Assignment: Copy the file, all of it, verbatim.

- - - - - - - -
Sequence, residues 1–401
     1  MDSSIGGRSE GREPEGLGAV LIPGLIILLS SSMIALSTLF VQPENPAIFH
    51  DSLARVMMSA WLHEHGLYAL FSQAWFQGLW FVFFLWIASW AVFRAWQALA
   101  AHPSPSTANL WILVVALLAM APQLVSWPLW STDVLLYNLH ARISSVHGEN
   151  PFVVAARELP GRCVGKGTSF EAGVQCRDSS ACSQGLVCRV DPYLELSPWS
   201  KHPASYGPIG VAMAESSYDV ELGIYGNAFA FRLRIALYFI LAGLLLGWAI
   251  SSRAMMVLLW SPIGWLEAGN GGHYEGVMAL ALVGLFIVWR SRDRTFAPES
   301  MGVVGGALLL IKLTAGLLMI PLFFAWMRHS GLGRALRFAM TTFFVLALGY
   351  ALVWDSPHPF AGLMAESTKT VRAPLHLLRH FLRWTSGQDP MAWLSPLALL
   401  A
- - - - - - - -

Sequence, residues 1–401
     1  MDSSIGGRSE GREPEGLGAV LIPGLIILLS SSMIALSTLF VQPENPAIFH
    51  DSLARVMMSA WLHEHGLYAL FSQAWFQGLW FVFFLWIASW AVFRAWQALA
   101  AHPSPSTANL WILVVALLAM APQLVSWPLW STDVLLYNLH ARISSVHGEN
   151  PFVVAARELP GRCVGKGTSF EAGVQCRDSS ACSQGLVCRV DPYLELSPWS
   201  KHPASYGPIG VAMAESSYDV ELGIYGNAFA FRLRIALYFI LAGLLLGWAI
   251  SSRAMMVLLW SPIGWLEAGN GGHYEGVMAL ALVGLFIVWR SRDRTFAPES
   301  MGVVGGALLL IKLTAGLLMI PLFFAWMRHS GLGRALRFAM TTFFVLALGY
   351  ALVWDSPHPF AGLMAESTKT VRAPLHLLRH FLRWTSGQDP MAWLSPLALL
   401  A